Boost growth in your college savings accounts
529 College Savings Plans are a great tool to help you save more for future college costs.
There are many growth opportunities because they’re built on investments, and you can defer (and hopefully avoid) taxes on the account earnings.
And by saving more now, you can reduce the need for college-related debt later, ultimately reducing your family’s out-of-pocket costs in the long run.
But how can you maximize your College 529 Savings Plan today?
1). Give yourself more time and let compounding work for you
The longer you save and invest, the greater your opportunity to earn more.
You can earn more through interest and investment gains like dividends and capital appreciation. That’s the power of compounding at work. Interest and earnings are added to your previous interest and earnings, and that compounding repeats itself over time, potentially multiplying your original account value.
If you have not already started saving, start now.
You can open an account at any time, listing yourself as the beneficiary. You can change the beneficiary at a later date as needed. You can start out with small amounts. And by automating your savings, you’ll have consistency, and you can build up your account faster, whether through payroll deduction or direct from your bank account. Those small, regular contributions can really add up over time.
Also, consider frontloading your accounts with lump sums in the early years – more dollars invested for longer time periods can significantly increase your account value too.
You can maximize your 529 College Savings Plan by finding ways to increase your contributions sooner rather than later. Boost your current savings by redirecting other income like bonuses, pay increases, tax refunds, etc.
To get an estimate of how your savings can grow over time, check out this compound interest calculator at Investor.gov
2). Keep your fees low
To maximize your 529 College Savings Plan, you’ll need to understand the fees involved.
As with other investment products, 529 Plans have fees. And the more you pay in fees, the less money you’ll have to invest and grow. You want more of your money working for you, not someone else.
But 529 College Savings Plans are not all the same. Some are more expensive while some are less expensive, so it’s important to know what you’re paying for and how much you’re paying. The general fee categories are:
- Asset-based fees – These encompass the annual costs to administer and manage the plan, along with the costs of the underlying mutual funds. For advisor-sold plans, there may be an expense range based on the different mutual fund share classes available in the plan. So, talk with your advisor regarding choosing the best share class option for you.
- Advisor fees – For advisor-based plans, this represents the commission or fee paid to your advisor. You may need to review the sales prospectus to find this information. Talk with your advisor to understand what their fee structure is. Some advisors have moved away from commissions or asset-based fees for 529 plans and may include their fee in other work they do for you or charge a flat fee, and in turn, they recommend a direct-sold plan.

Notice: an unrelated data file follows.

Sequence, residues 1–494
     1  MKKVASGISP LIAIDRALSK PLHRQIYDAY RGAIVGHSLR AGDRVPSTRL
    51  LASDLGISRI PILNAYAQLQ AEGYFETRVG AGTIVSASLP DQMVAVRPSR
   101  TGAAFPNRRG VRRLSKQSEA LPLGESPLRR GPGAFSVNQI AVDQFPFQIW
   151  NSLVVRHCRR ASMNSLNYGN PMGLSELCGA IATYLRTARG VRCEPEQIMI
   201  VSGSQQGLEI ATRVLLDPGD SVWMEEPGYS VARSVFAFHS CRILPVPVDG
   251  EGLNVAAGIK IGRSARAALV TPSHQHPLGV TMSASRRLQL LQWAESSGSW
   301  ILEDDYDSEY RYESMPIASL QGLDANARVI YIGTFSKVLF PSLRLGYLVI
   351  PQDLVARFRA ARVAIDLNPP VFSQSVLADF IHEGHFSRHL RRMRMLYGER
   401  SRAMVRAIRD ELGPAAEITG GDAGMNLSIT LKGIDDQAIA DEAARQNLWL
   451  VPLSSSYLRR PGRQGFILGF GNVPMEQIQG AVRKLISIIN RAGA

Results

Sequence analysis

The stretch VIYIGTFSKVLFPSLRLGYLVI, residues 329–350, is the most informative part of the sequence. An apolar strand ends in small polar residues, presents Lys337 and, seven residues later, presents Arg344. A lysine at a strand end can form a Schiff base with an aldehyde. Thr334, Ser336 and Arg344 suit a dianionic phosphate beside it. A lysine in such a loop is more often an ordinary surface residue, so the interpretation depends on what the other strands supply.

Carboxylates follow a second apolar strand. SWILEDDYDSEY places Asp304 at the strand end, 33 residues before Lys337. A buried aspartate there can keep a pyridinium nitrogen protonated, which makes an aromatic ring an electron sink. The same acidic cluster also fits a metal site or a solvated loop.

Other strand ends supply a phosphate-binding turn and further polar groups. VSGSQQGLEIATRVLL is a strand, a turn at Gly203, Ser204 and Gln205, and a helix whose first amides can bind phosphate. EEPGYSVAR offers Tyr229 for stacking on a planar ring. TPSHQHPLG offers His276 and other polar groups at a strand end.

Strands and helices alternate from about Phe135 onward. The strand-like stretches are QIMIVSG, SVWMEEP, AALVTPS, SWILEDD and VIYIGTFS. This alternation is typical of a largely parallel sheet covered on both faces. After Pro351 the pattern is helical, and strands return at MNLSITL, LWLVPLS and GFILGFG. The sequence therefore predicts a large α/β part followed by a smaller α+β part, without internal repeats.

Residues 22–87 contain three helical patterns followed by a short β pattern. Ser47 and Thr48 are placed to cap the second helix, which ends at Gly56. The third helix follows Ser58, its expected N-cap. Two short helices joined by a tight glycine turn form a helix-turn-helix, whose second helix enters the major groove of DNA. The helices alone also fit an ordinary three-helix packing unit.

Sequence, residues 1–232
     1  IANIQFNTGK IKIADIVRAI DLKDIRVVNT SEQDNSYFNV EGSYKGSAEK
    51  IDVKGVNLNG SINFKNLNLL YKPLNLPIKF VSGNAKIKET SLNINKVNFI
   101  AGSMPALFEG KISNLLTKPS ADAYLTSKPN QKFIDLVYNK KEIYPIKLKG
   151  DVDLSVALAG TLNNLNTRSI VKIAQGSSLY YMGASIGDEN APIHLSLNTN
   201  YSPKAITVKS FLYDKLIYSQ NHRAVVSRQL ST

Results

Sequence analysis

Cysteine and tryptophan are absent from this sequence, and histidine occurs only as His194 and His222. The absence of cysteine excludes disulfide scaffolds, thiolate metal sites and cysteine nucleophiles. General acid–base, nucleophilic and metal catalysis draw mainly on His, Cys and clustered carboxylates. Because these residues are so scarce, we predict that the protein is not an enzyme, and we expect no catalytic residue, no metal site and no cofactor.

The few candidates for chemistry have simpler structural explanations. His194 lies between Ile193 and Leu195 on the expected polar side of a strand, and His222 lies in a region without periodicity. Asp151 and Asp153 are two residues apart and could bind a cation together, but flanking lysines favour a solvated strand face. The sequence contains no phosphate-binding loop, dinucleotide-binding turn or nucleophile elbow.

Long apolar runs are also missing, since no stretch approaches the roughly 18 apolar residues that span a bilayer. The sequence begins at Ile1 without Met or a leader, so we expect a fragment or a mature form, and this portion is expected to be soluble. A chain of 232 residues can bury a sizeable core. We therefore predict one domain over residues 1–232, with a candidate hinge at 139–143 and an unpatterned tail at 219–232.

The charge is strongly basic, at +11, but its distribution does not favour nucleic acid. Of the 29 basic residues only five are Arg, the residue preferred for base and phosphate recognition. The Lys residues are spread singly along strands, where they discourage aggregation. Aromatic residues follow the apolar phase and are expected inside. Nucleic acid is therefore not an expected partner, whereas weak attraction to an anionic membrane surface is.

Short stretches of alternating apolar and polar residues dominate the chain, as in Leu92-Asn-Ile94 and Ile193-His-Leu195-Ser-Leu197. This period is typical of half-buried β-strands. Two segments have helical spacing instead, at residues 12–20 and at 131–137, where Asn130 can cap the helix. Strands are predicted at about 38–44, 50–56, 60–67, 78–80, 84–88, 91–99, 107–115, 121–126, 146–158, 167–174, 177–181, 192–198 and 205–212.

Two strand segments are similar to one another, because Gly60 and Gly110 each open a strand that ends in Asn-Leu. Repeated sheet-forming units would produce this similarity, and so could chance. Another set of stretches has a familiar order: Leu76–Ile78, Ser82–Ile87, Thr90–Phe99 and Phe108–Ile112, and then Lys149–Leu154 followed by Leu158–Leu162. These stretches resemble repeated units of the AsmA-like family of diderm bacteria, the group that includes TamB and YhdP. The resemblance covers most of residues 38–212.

- Service fees – These cover miscellaneous requests that only apply to those who use the services, such as requesting paper applications, account owner changes, etc.
Here is an example of an asset-based fee comparison for a direct-sold plan and an advisor-sold plan:
3). Make it easy for family, friends, and employers to contribute directly to your 529 account
When it comes to birthdays, holidays, and graduations, how about moving beyond gifts of toys, games, clothes, and just more stuff? Family members may really want to help with college savings but may not know the best way to go about it.
Online gifting platforms streamline the gifting process, making it super easy for others, including employers, to contribute directly to your 529 accounts. Here are a few of the available online platforms that your family members can use to help you maximize your 529 College Savings Plan:
- Ugift529 is a gifting platform for 529 Plans administered by Ascensus. Account owners receive a unique code for each beneficiary which can then be shared so that others can contribute to your plan. Users can contribute electronically or by mail.
- GoTuition is a 529 gifting platform operated by T. Rowe Price. The gifting page can be modified to show the beneficiary’s photo and milestones. Contributions can be made electronically or by mail. You can open a 529 account at T. Rowe Price with recurring contributions of $50 per month or with a $250 initial contribution.
- Gift of College is a service that allows for the purchase of physical gift cards as well as e-gift cards. Funds can also be deposited into your existing 529 accounts, regardless of the plan you have. Gift of College also has a service for users to exchange unused retailer gift cards and trade them for giftofcollege.com gift cards.
- Backer, the trade name for Principly, LLC, is an internet-based Registered Investment Adviser firm that can help you set up a new 529 College Savings Plan or advise you on your existing 529 account and link it to the Backer platform. Families can also earn cash rewards from retail partners that can be contributed to your 529 account.
- On Fidelity, you can set up a gifting page where friends and family members can send their contributions via an e-check. The minimum contribution is $5, and the maximum is $15,000.
Sample gift page image from Fidelity.com
Saving more now for less debt later
Saving money for college may feel like a huge hurdle. Your contributions seem like a drop-in-the-bucket compared to already sky-high college costs. But these strategies will help you maximize your 529 College Savings Plans now. Then, you’ll be well on your way to greater college funding success.